Henry Kirby in London -
Standard & Poor’s downgrade of Russia to junk status on January 27 was met by the Kremlin with accusations of US-influenced politicking. Russian news agency RIA Novosti quoted Deputy Foreign Minister Vasily Nebenzya as saying that he has “no doubt that this was done not even on the prompting but on direct orders from Washington”.
While there is little argument that 2014 proved to be a damaging year for the Russian economy, a closer look at some basic macroeconomic figures would offer some credence to the Kremlin’s cries of foul play – especially when compared to other economies still ranked investment grade.
S&P’s main justification for downgrading Russia to ‘BB+’ – its highest non-investment grade – was the country’s newfound lack of access to international capital markets. The implicit message there is that, in the not-too-distant future, Russia simply will not be able to service its debt obligations.
The widely used metric of public debt as a percentage of GDP is seen as a broadly reliable indicator of a country’s level of indebtedness. A glance at the bne:Chart below reveals not only how healthy Russia is in this respect, at 9.2% of GDP, but also the comparative fragility of other nations – including those whose sanctions led to the S&P downgrade.
Without access to capital markets, Japan would have to use more than two years’ total GDP to service just a single year of public debt. Russia, on the other hand, could pay its own off with little more than a month of output.
Even this measure fails to take into account that governments do not have their countries’ entire GDP as a liquid fund for servicing debt, but only the product that comes back to it in the form of tax revenues.
Looking then at tax revenue as a percentage of total public debt, the picture is even bleaker for the highly-indebted developed countries (HIDCs), as the second bne:Chart shows. It would take the US over three years of real income to service a year of public debt and Japan over seven years. Russia’s tax revenue, however, would cover its obligations twice over in a single year.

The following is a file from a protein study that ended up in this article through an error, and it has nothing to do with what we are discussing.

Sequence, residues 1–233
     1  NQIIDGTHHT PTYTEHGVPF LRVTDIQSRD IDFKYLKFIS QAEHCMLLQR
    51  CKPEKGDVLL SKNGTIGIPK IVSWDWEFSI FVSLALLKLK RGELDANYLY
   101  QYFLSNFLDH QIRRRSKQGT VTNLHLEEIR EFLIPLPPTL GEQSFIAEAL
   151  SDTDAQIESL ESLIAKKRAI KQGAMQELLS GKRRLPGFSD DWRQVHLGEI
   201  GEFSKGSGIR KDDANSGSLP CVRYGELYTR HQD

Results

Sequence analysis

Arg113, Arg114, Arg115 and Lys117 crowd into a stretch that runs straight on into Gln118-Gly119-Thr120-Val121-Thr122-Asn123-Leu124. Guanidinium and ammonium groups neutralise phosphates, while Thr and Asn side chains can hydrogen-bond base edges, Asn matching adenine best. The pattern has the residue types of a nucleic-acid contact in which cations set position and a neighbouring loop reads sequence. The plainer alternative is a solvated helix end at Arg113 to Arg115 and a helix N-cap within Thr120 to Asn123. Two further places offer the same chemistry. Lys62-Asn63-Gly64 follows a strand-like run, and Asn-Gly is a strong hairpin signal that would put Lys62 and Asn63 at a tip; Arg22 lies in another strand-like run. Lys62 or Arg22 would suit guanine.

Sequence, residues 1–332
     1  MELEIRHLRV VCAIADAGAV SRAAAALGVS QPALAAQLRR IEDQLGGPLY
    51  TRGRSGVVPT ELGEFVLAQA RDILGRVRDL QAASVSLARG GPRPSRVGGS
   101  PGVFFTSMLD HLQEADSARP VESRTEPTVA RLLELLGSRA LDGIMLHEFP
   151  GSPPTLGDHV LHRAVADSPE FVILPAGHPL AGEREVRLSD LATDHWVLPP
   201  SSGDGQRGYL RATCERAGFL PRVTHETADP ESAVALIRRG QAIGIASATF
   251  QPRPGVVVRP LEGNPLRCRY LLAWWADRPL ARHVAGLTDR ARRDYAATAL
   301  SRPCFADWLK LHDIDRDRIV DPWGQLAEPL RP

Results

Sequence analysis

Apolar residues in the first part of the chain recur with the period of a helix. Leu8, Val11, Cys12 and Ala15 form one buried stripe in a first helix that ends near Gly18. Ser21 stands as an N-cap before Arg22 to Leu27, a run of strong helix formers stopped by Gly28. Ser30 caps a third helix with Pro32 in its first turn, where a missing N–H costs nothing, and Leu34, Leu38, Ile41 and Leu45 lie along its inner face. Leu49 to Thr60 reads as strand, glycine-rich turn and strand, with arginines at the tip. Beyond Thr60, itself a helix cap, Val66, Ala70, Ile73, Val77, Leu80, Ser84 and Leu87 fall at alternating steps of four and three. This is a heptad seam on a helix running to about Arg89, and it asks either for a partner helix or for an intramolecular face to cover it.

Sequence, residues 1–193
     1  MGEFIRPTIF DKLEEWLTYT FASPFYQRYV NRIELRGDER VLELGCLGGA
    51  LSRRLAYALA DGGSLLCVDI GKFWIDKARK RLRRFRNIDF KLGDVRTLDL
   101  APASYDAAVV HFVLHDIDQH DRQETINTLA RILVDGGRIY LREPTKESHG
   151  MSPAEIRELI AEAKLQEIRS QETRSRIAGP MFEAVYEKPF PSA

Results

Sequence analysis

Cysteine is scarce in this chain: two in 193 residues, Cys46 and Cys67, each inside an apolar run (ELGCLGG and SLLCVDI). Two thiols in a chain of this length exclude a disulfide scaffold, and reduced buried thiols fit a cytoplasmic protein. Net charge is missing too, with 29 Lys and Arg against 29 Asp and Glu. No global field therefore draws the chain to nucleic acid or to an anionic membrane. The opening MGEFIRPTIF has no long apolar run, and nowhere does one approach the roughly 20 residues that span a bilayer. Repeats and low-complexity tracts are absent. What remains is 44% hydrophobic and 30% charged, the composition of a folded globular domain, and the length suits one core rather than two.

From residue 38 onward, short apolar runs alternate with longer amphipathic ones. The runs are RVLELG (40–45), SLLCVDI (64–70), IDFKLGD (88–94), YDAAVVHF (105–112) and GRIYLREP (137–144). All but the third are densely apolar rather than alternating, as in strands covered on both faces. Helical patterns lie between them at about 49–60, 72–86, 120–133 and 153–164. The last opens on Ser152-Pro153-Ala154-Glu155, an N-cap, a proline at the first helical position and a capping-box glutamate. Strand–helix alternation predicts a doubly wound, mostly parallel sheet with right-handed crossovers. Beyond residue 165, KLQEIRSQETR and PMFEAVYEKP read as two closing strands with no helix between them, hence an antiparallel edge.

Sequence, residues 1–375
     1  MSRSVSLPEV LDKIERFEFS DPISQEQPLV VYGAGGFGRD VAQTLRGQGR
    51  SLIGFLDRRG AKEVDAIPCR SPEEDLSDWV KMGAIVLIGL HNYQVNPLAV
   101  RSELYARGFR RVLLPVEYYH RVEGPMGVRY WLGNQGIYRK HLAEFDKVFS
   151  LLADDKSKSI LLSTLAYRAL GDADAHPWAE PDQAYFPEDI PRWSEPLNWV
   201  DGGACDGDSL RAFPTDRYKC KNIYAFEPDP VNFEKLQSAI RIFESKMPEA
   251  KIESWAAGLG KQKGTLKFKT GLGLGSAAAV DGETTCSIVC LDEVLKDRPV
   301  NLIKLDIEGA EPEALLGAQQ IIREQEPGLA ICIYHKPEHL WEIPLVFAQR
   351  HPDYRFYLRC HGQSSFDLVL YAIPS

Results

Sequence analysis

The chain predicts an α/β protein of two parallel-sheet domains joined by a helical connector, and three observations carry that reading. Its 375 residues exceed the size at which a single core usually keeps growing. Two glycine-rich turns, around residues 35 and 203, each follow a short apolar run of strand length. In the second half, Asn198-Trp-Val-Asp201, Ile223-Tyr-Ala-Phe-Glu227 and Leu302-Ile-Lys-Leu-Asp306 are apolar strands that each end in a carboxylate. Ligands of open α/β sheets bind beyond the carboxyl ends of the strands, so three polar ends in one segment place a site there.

Taking the hypothetical scenario to the extreme where the Russian economy ground to a halt, its only buffer would be its reserves. With no other source of capital, it would have no option but to dip into its coffers to bankroll the material needs of the nation and service its debt obligations with its own cash. Even in this extreme case, Russia is set up to withstand a worst-of-the-worst scenario for a surprisingly long time.
As the third bne:Chart shows, the Central Bank of Russia (CBR) could cover just shy of two years’ worth of debt obligations with its reserves. The US Federal Reserve, on the other hand, could cover just three days’ worth of debt and would run out of funds shortly after lunchtime on day four.
Curiously, a look back at the CBR’s historical reserve levels shows that, in terms of import cover, Russia is actually healthier now than it was when ratings agency Fitch upgraded it to investment grade in 2004.
While these scenarios go some way to illustrating the robustness of the Russian economy, they do not factor in the high, and growing, levels of inflation that Russia is suffering – 11% at the time of writing. This alone would shorten Russia’s lifeline considerably. Conversely, though, the scenarios also work off of the assumption that Russia’s access to capital markets has dried up completely as a result of sanctions, which is not the case.
Use the bne:Chart below to compare Russia with other countries across a number of economic indicators
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